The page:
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  1. Expected Value Under Normative Uncertainty.Franz Dietrich & Brian Jabarian - manuscript
    Maximising expected value is the classic doctrine in choice theory under empirical uncertainty, and a prominent proposal in the emerging philosophical literature on normative uncertainty, i.e., uncertainty about the standard of evaluation. But how should Expectationalism be stated in general, when we can face both uncertainties simultaneously, as is common in life? Surprisingly, different possibilities arise, ranging from Ex-Ante to Ex-Post Expectationalism, with several hybrid versions. The difference lies in the perspective from which expectations are taken, or equivalently the amount (...)
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  2. Beyond Belief: Logic in Multiple Attitudes.Franz Dietrich, Antonios Staras & Robert Sugden - manuscript
    Choice-theoretic and philosophical accounts of rationality and reasoning address a multi-attitude psychology, including beliefs, desires, intentions, etc. By contrast, logicians traditionally focus on beliefs only. Yet there is 'logic' in multiple attitudes. We propose a generalization of the three standard logical requirements on beliefs -- consistency, completeness, and deductive closedness -- towards multiple attitudes. How do these three logical requirements relate to rational requirements, e.g., of transitive preferences or non-akratic intentions? We establish a systematic correspondence: each logical requirement (consistency, completeness, (...)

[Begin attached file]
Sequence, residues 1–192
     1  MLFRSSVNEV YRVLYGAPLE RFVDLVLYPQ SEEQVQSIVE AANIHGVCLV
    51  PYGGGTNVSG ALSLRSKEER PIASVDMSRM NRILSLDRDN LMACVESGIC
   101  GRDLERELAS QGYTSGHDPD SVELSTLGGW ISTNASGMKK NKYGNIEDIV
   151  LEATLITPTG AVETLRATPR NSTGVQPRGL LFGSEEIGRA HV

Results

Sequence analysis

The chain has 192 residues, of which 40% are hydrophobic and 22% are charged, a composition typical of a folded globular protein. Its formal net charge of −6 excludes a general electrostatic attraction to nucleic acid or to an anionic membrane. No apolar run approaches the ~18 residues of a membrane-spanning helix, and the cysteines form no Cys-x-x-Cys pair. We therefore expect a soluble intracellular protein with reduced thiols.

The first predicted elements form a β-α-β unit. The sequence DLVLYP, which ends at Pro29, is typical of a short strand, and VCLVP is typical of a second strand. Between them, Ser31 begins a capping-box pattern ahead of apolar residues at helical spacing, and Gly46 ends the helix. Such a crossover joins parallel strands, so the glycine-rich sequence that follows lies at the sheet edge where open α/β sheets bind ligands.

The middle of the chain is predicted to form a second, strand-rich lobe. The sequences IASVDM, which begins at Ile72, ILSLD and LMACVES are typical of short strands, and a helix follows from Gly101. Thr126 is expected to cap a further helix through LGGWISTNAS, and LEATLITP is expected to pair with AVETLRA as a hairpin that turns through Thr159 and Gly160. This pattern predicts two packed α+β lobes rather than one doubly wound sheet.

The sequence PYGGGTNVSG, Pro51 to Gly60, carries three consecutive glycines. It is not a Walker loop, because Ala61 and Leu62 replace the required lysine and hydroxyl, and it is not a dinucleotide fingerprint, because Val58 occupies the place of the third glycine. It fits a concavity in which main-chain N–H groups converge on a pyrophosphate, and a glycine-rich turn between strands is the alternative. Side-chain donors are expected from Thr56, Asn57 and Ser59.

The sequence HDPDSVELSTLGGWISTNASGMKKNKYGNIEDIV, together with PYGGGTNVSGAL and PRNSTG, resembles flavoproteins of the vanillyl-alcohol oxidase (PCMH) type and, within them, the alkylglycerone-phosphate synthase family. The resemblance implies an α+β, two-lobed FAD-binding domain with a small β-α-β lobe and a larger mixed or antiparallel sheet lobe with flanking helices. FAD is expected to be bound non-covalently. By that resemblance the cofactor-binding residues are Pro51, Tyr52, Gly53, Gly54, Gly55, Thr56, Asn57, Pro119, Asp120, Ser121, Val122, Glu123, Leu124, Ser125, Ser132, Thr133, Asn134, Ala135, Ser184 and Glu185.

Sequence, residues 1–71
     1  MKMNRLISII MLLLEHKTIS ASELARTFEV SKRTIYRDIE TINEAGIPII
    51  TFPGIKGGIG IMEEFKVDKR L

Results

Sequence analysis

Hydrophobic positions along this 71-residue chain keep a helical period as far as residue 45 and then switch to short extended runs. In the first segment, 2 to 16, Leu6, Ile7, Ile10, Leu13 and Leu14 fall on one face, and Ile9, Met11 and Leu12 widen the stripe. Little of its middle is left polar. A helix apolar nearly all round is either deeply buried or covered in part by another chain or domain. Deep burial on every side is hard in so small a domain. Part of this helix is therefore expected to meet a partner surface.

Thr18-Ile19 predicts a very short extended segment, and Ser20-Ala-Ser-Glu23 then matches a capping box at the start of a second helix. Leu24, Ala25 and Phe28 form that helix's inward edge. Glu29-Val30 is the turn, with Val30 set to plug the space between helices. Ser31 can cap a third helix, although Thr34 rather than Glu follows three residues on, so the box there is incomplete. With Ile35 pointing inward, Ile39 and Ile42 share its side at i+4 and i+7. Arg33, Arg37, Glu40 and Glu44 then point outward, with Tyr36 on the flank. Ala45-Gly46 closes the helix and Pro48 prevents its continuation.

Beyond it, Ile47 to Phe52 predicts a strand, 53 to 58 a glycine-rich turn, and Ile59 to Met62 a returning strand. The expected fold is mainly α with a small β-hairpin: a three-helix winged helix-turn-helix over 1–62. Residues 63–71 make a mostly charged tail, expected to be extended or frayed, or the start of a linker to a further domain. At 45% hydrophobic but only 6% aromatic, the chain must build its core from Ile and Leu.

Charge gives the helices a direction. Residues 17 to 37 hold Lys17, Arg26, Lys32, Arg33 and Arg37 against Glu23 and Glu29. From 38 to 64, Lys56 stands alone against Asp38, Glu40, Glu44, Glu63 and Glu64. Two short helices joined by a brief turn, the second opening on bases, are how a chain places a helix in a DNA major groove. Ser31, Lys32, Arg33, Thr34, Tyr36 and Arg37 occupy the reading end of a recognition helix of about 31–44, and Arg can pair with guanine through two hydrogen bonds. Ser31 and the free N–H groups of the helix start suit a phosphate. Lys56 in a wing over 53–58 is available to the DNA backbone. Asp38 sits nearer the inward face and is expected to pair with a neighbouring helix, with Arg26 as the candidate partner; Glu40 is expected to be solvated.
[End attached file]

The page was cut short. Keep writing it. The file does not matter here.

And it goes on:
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  3. An Evolutionary Psychology Model of Ego, Risk, and Cognitive Dissonance.Baruch Feldman - manuscript
    I propose a novel model of the human ego (which I define as the tendency to measure one’s value based on extrinsic success rather than intrinsic aptitude or ability). I further propose the conjecture that ego so defined both is a non-adaptive by-product of evolutionary pressures, and has some evolutionary value as an adaptation (protecting self-interest). I explore ramifications of this model, including how it mediates individuals’ reactions to perceived and actual limits of their power, their ability to cope with (...)
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  4. What’s a Rational Self-Torturer to Do?Douglas W. Portmore - manuscript
    This paper concerns Warren Quinn’s famous “The Puzzle of the Self-Torturer.” I argue that even if we accept his assumption that practical rationality is purely instrumental such that what he ought to do is simply a function of how the relevant options compare to each other in terms of satisfying his actual preferences that doesn’t mean that every explanation as to why he shouldn’t advance to the next level must appeal to the idea that so advancing would be suboptimal in (...)